Meta-programmming in Ruby vs Smalltalk

Stumbled into Neal Ford's post today which spawn off several other blog posts else where too, including Avi Bryant's new blog. How timely(this was actually one month ago)! I was just musing about this very thing and that's how I found the this blog post. Smalltalk has an adventage over Ruby(an pretty much any other language) because the runtime is always running. Runtime = development time = compile time. This allows for a lot of introspection to occur during development. Things like code completion, for example, are done by inspecting the objects in the runtime, rather than by inspecting the source code like in modern Java IDEs. Of course it can do more than that: things like excuting arbitrary code when you are at a breakpoint, to give another example. You could also query the system for the object class hierarchies to do anything you want with them, including creating new classes and methods on the fly.

Now, one thing about the Ruby metaprogramming techniques some complain about is the fact that they are hard to debug, because you can't see the code that you are executing. In contrast, you can get the source code to any method during runtime, which means you can easily debug through it(yes, but aside from that, debugging in Ruby still sucks anyway). It's the explicit vs implicit thing again. But the advantage of the Ruby approach is that it's more dry - you specify the declaration once, and that's it, the code that's generated is never seen anywhere, it removes the issue that all code generating tools have: that there's a versioning problem between the generated code and the spec that feeds into the generator.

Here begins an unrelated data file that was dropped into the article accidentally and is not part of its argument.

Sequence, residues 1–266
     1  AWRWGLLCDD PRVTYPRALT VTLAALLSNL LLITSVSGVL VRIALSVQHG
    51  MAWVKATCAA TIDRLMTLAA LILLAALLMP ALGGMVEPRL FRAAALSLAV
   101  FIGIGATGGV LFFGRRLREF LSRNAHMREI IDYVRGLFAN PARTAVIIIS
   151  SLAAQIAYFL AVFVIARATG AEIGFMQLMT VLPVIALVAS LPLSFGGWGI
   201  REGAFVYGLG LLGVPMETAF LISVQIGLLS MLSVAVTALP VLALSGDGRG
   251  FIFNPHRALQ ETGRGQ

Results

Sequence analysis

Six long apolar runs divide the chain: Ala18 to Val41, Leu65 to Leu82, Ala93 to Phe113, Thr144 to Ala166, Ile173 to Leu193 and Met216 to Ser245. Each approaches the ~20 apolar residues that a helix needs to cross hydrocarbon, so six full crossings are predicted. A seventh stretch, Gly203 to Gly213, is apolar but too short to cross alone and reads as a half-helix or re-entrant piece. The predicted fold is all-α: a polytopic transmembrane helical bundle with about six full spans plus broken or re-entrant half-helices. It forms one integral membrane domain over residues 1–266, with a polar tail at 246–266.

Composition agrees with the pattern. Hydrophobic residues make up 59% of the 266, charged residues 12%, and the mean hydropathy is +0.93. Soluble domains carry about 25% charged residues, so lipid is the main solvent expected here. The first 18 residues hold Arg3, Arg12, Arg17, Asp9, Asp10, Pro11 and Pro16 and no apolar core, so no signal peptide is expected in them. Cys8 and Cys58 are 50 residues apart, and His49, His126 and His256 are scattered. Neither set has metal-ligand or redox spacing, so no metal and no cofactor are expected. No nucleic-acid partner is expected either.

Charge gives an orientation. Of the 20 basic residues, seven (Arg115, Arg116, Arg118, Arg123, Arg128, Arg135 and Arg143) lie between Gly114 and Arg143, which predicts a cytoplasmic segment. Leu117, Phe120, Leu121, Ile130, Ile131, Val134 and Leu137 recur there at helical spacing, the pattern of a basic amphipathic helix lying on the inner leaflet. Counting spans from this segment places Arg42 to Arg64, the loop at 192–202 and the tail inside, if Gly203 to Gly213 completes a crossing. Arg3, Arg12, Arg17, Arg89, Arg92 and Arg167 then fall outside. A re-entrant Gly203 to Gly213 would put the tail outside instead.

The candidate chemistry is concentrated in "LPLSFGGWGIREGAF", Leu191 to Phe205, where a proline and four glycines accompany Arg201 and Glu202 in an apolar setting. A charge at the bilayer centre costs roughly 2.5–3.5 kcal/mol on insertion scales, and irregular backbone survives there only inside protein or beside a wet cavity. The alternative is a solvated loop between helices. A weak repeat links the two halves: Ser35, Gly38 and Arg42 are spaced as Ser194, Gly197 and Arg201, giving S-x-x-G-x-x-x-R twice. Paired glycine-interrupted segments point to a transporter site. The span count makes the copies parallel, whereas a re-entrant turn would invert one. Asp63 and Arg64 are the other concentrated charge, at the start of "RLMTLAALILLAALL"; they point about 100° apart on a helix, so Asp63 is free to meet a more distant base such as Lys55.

Which way is better? Clearly(how can you argue with "clearly"? you can't), neither one is. Is there a best of both worlds? Hard to say.

It's worth pointing out that Ruby metaprogramming techniques are a very new development. Although it has it's roots in LISP, I think it is a new twist in the ways it is used in the context of OOP. Can these techniques be applicable to other languages? Yes, they are being adopted in many other languages, including Groovy, Python, and Javascript. Also, these techniques are usually used in programming frameworks, in which the ultimate end-user interface is a programming API. And, thus, the goal of all(most?) of these techniques is to automatically generate code that a developer writes code against. From a single programmer's perspective, these are just refactoring techniques, or design patterns, because they don't really give you anything you didn't have before in terms of what you can do(power?), but rather lets you structure your code in a way that's even more dry than what was possible before. As a result you can create very consice APIs with very little code.

Going back to the ActiveRecord has_many example, some have mentioned that this can be done without using code generation. In Smalltalk, apparently this is done by using an annotation. The class code can then presumably query the annotation information when it needs to get an association, I assume using something like method_missing(I'll have to check this), which you could do the exact same thing in Ruby, only in place of the annotation you'd still have the class initializer. In deed, that is how Hibernate does it for Java as well. So why do the Ruby guys like to use code generation in that case? It's just their style! If someone develops a new kung fu style that kicks your ass, are you going to say he's doing it wrong? Also, in Ruby method_missing is slow, so there's an incentive to avoid it.

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